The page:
Thursday, April 23, 2009

Something You Couldn't Have Gotten From The Bush Whitehouse

Cool, now you can download some higher resolution images direct from the Whitehouse.

I liked this one, and the President met Tiger Woods. Of course, these are just publicity photos. The real meat of the day has revolved around the press for a releasing of further torture memos. I say, bring it on. The American people are hearty, and can't solve the problems without all the information. They do no favors by keeping the information from us.
Q So is that an indication that you don't want to see an independent commission? I'm trying to understand.

MR. GIBBS: By dint, an independent commission would probably not be something that I would weigh in on if Congress were to create one of those. I think that -- from the larger perspective, the President believes, as both of us have said, that the release of the memos are not a time for a retribution but to reflect on what happens and that we're all best suited looking forward.
But even so, the door is left open later in the briefing.
Q Robert, does the President believe someone ought to be punished for allowing waterboarding? He changed the policy, but does he believe somebody ought to be punished?

MR. GIBBS: Well, I think that determination is going to be left up to, as I've said for any number of days looking backward on this now, that that's going to be made by a legal official.

Q And that legal official is the Attorney General?

MR. GIBBS: In our Constitution it is.

Q And what about this idea of the Attorney General appointing a special prosecutor?

MR. GIBBS: Well, I addressed this --

Q Is that his -- is that the Attorney General's decision or is that ultimately the President's decision?

MR. GIBBS: I'd have to look up, honestly, the legal statute to determine that. I don't -- I don't think the -- I don't believe that there's -- I think the Justice Department is fully capable of weighing the law.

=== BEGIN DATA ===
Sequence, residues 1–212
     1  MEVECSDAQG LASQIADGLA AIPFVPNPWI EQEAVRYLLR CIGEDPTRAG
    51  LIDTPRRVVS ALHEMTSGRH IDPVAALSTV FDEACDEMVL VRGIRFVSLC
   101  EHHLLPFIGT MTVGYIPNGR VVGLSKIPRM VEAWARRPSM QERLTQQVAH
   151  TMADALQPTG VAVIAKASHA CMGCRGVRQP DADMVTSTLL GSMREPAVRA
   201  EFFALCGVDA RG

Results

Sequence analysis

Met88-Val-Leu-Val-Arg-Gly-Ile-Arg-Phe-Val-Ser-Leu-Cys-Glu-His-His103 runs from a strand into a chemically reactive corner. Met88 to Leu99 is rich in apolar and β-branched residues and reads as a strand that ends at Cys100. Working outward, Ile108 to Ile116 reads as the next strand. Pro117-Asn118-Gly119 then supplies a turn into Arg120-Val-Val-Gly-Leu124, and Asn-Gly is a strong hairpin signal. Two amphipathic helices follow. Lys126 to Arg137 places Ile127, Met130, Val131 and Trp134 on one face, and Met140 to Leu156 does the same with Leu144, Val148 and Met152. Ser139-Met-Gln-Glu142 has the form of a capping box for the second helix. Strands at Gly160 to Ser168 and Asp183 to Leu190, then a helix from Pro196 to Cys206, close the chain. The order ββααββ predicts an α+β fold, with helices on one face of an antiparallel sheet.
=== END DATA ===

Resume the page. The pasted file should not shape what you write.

Q You don't think a special prosecutor is necessary?

MR. GIBBS: I don't -- I don't think anybody has presented a compelling case why the Justice Department couldn't do this.

Q And then one final thing on this. Did Vice President Cheney make a specific request -- is it an official request that he wants these other memos declassified as far as you guys know?

MR. GIBBS: I would have to double-check with CIA. I think that the -- that request -- as I understand, what the Vice President has said, a request came to -- several weeks ago to the CIA. I don't -- but I have not talked to him.

Q Given that General Jones apparently was involved with helping to expedite with Jay Rockefeller, does that mean you guys will have a role in deciding whether this gets declassified or not?

MR. GIBBS: I believe so. I mean, I believe that --

Q It will come to your desk, it just hasn't happened yet?

MR. GIBBS: I think that's the case. I mean, I think declassification happens here.

Q Okay.

MR. GIBBS: Yes, sir.

Q Do you know if President Obama has read these memos to which Vice President Cheney is referring that showed that the enhanced interrogation techniques saved lives and didn't make America less safe, as you just said?

MR. GIBBS: I don't know if he -- I don't know if he has read the specific memos that Vice President Cheney may be referring to. But, Mark, let me broaden your question a bit. And I think you would get this from virtually every intelligence official who objectively looked at this, and that is that the efficacy of this is in many ways ambiguous, that whatever information -- I think people will tell you that there was information that was procured that was helpful, and information that was procured that was made up. Nobody could ever likely tell you that any information derived couldn't also have been derived from another mean.

But as I've said, and the President have said, what the -- if you look at the totality of the impact of this on our national security, building off of what I told Ed, our team, and many others outside of our team, have weighed in on the notion that the cost and the benefit of this -- that the benefit is greatly outweighed by the cost to our national security.

There are things that this country doesn't do. That's part of the criteria that the President used to -- on the -- in the very beginning of this administration outlaw these techniques from being used. The existence of and the use of these techniques became a recruitment tool and a rallying cry for terrorists all over the globe. And, as I mentioned, it makes it harder to -- the use of these techniques makes it harder to protect our own troops, and that that is the -- those are the reasons in total why this makes our country less safe.